What is Probate and How Does It Work?


You’ve probably heard the word ‘probate’ at some point or perhaps you know someone who had to endure the probate process after the passing of a family member or loved one.

The term ‘probate’ is typically used in one of two ways: it can refer to the process the probate court goes through to determine if a will is valid and authentic, including if there is a contest is filed to contest the will’s validity. More frequently, it is used to refer to the formal legal process for administering the estate of a person who dies ‘intestate’ (without a will).

If there is no will, the probate court must collect the assets of the decedent and determine how liabilities will be paid and what assets, if anything remains, will be distributed and to whom the assets will be given. The probate process for an intestate decedent can be very time-consuming and expensive because the court must appoint a person to administer the estate and the administrator and his/her attorney can charge service fees. According to some sources, the overall cost of probate can range from 2 to 7% of the value of the estate and the average estate can take 16 months to complete probate. Among the costs of the probate process are court filing fees, probate bonds, creditor notice fees including newspaper publication costs, and executor and attorney fees. Ultimately, the court must decide who gets what when the decedent has died without a valid will and the estate is required to go through the probate process.

Probate with a Will

If a person dies with a will, the person named in the will as the personal representative/executor for the decedent must obtain the death certificate and then ‘lodge’ ( file ) the will with the court. If the court finds the will to be valid, then the executor named in the will is put in charge of shepherding the will through the probate process by marshalling estate assets, paying off creditors and other estate liabilities, including any estate and personal income taxes, and distributing any remaining assets to beneficiaries named in the will.

Probate without a Will

If the decedent has died without a will, then the court must appoint an administrator to oversee the marshalling any estate assets, paying bills and distributing anything that remains.  To make any distribution, the administrator must locate any legal heirs of the deceased person including spouses, children and parents.  The probate court will decide who is entitled to what, according to a strict formula as set forth in state intestacy laws. If the decedent doesn’t have a will and no heirs, any property remaining goes to the state.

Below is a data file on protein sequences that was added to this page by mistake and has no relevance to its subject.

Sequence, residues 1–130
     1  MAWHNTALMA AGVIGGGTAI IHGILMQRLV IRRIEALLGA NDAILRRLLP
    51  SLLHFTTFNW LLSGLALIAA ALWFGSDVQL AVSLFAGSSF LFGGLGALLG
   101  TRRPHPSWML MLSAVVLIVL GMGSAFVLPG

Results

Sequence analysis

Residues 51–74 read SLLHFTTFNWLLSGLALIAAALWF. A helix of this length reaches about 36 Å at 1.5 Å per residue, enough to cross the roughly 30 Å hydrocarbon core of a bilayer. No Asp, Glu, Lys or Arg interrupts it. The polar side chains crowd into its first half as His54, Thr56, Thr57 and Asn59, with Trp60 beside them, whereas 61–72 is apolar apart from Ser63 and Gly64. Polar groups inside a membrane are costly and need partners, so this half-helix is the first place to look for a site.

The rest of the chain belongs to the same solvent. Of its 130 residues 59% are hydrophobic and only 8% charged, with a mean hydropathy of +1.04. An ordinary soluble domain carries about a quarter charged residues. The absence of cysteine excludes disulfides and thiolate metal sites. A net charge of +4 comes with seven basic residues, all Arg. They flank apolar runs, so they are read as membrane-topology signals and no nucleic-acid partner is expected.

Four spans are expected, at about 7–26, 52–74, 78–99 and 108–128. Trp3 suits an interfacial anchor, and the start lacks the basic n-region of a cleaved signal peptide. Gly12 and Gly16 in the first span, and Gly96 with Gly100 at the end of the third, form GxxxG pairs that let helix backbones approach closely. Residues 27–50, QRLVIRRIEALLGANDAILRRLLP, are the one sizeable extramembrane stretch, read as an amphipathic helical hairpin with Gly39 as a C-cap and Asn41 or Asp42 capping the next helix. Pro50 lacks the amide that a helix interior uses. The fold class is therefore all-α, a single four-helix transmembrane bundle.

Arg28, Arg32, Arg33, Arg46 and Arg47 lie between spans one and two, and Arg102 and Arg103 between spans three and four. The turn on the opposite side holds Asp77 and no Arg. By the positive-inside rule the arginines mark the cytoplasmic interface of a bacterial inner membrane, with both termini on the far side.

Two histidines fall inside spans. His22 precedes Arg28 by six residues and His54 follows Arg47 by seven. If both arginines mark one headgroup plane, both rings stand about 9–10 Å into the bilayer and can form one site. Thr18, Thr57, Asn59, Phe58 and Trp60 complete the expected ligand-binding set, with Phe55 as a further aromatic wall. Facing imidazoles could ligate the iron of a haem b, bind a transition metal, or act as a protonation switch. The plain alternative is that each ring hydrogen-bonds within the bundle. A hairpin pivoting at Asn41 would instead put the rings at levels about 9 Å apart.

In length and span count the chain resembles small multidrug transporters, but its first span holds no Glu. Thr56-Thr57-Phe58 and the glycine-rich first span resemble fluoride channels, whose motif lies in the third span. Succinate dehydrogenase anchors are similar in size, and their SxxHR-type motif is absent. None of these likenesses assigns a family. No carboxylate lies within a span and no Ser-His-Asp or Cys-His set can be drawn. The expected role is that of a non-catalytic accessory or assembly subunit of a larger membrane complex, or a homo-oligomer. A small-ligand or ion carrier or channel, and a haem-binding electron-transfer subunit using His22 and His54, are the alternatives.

As a general rule of thumb, the more complex the estate, the higher the cost and the more time required to probate the estate, whether with a will or without a will.  Further, the probate process is a public record so there is no confidentiality of how the estate assets are handled.

Some assets such as pension plans, life insurance proceeds, 401k retirement plans and individual retirement accounts (IRA) can sidestep being dumped into the probate process because they typically have named beneficiaries making probate unnecessary. However, other assets may be tossed into probate unless the decedent looked ahead before his/her passing and utilized an instrument such as a trust to bypass the probate process.

Avoiding Probate with a Valid Will and Trust

One of the most effective means of sidestepping much of the lengthy, public and expensive process that is probate is to use a professional estate planning attorney to help you craft a valid will that allocates estate assets to a trust. Trusts are handled outside the probate process and they can be used effectively to more quickly pass assets to beneficiaries and to avoid much of the expense, delay and hassle of probating an estate.

The attorneys at Business Estate and Tax Attorneys P.C. are experienced at constructing a variety of distinct trust instruments, depending upon the needs of the person setting up his/her estate plan. While a discussion of trust instruments is beyond the scope of this blog post, the reader is encouraged to contact one of our attorneys to discuss the probate process and how the creation of a valid will and family trust may save the time, money and emotional problems that are typically consumed in the probate process.

Disclaimer: The information in this article is for general purposes only, and it is not intended as a substitute for legal advice.